Britain’s Biggest Supermarket Merger Runs into a Wall

When United Kingdom’s largest supermarket chain Sainsbury’s and ASDA reached an agreement last April regarding a merge, there was a widespread belief that the last hurdle for the deal was a clean chit from the competition regulator. After months of deliberations, the Competition and Markets Authority (CMA) published its findings, and one of its most telling recommendations was that the merger should be blocked. It comes as a body blow for Sainsbury’s and ASDA, who were merging to create the biggest supermarket chain in the UK. However, it should be noted that the regulator has not completely closed the door on the deal. It has suggested that one of the two brands needs to be sold or a large number of stores would need to be closed for this merger to work.

Although the CMA has given the two parties some alternatives, it has also specifically stated that some of the larger concerns that have been raised in its report would be quite difficult for the companies to address properly. In other words, this merges is not going to work. Among the most telling findings, the CMA has stated that the experience would be worse for customers since such a large entity might develop monopolistic tendencies and charge higher prices.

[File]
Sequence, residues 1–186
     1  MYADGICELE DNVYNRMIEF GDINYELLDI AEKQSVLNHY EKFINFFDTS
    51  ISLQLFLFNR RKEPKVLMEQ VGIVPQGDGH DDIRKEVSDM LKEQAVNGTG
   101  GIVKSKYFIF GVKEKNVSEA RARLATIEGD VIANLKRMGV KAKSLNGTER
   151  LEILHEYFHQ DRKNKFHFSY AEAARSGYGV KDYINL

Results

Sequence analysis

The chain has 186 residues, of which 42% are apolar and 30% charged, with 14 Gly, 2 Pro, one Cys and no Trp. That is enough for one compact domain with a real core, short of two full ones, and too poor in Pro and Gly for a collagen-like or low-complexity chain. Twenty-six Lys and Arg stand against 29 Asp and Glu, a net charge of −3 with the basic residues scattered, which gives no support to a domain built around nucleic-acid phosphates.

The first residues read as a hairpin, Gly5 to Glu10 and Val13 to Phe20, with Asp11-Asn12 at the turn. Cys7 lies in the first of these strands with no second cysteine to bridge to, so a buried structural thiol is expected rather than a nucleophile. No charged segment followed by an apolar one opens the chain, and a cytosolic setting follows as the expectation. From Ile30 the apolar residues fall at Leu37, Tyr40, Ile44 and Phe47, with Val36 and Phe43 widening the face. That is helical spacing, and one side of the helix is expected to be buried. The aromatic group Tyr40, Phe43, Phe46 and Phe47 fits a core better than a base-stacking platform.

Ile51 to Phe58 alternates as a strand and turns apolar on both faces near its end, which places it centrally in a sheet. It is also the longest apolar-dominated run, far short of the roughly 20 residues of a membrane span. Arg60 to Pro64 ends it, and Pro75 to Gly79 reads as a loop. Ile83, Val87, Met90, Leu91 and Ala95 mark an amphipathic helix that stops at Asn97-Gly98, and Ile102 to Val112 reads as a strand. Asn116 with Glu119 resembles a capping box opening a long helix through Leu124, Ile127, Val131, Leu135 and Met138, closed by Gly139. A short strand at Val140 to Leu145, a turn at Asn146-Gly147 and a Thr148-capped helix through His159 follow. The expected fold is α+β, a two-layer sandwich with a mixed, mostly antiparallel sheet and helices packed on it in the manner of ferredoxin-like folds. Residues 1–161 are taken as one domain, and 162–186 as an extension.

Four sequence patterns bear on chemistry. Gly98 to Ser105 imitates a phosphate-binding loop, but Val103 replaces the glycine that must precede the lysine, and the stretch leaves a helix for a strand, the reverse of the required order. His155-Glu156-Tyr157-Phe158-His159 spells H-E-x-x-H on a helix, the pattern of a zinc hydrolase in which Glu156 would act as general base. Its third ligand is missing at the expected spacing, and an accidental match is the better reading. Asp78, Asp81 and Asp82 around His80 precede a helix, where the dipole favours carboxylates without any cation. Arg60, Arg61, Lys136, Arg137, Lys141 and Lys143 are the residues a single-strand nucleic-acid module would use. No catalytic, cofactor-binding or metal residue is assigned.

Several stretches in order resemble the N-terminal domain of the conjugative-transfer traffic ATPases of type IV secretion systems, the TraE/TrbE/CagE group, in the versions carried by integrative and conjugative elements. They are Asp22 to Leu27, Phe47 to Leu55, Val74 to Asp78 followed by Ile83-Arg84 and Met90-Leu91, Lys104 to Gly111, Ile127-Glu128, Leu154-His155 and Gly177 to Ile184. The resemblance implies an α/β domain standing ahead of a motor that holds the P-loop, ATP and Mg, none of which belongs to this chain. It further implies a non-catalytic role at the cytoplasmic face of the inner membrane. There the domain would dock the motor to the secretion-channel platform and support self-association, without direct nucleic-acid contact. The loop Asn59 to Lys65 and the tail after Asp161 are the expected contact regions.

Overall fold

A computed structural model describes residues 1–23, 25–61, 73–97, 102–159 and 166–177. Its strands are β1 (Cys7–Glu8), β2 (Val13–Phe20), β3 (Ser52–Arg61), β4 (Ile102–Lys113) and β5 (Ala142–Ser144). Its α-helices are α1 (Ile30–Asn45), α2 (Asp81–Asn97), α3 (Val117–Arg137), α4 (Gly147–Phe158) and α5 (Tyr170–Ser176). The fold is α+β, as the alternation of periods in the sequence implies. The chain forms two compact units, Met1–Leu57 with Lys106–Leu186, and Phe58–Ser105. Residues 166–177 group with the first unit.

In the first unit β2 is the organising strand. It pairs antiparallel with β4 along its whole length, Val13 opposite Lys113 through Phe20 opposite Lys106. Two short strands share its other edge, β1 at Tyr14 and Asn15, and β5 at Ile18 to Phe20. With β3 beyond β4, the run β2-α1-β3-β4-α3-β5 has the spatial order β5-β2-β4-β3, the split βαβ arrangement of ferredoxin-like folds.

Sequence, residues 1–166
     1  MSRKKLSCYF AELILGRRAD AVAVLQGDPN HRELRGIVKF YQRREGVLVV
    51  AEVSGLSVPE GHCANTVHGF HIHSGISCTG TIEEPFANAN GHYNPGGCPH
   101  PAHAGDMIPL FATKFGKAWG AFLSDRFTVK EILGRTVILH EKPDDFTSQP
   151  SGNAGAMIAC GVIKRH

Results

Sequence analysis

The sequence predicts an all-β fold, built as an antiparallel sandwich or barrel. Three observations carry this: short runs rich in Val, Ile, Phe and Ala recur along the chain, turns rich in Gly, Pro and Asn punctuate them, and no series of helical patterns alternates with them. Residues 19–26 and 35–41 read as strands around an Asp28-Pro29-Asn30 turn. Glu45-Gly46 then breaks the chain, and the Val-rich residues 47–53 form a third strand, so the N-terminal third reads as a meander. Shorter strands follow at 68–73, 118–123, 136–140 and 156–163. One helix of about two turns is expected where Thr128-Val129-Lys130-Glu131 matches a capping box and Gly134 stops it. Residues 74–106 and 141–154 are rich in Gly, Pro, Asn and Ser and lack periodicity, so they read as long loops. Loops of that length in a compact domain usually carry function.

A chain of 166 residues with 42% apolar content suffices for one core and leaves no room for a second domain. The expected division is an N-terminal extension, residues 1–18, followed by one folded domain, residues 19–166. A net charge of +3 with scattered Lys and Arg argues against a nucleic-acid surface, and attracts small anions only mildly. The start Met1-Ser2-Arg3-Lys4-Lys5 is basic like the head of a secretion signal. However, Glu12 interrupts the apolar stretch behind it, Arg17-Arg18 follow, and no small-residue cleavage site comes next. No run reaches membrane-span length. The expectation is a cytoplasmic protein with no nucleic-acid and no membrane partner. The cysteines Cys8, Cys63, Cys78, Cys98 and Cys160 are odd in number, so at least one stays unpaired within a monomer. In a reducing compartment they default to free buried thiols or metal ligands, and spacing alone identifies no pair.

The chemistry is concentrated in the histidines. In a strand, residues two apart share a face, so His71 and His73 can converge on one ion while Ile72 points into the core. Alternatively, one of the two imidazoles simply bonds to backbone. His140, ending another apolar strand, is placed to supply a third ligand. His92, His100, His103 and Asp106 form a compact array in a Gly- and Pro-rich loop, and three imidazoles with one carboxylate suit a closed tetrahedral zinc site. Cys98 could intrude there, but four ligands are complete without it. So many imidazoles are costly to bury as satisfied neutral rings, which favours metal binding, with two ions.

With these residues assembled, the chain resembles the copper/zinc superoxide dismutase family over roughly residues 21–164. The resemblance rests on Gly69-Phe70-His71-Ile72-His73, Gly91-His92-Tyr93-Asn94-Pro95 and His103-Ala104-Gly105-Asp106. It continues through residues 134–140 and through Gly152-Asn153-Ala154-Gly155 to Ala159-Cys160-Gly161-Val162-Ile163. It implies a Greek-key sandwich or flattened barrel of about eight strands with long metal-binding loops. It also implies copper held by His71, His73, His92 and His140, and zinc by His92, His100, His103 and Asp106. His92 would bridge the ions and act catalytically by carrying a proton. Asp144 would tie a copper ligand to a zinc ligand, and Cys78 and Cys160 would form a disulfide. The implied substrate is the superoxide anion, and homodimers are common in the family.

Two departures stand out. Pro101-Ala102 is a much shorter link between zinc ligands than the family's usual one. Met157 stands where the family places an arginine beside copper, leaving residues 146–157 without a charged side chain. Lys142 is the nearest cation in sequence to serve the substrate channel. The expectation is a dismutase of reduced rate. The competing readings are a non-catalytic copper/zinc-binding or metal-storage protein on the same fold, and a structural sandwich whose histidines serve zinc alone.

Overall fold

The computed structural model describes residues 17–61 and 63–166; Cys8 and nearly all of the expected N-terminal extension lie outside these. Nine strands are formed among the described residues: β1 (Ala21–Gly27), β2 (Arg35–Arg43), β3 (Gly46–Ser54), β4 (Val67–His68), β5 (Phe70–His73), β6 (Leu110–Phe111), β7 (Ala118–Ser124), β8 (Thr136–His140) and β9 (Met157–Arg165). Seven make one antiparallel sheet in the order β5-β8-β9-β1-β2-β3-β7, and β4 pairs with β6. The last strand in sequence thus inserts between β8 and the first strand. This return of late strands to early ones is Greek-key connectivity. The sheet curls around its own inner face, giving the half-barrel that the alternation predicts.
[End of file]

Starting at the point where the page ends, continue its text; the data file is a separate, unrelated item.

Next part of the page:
In addition to that, the range of products that are made available to the customers could also be controlled by the merged entity, and that again is going to hamper the consumers seriously. It should also not be forgotten that these supermarket chains also operate petrol stations and that part of their business also came in for scrutiny from CMA. Again, the concern was indiscriminate rises in petrol prices.

The companies in questions were naturally unhappy with the developments and following the publication of the findings, Sainsbury’s released a statement. In a terse statement, the company said, “The CMA has moved the goalposts, and its analysis is inconsistent with comparable cases. We will be working to understand the rationale behind these findings and will continue to make our case in the coming weeks.”

The merger is supposed to create a behemoth with as many as 2800 stores and revenues of around £51 billion a year. Walmart, which owns ASDA, would have received £3 billion and a 42% ownership of the merged entity. Mike Coupe, the Chief Executive Officer of Sainsbury’s, spoke to BBC radio following the publication of the CMA findings and stated that the company would challenge the findings legally. He also added that such rulings could be detrimental to business investment in the UK.

Donna Lymon

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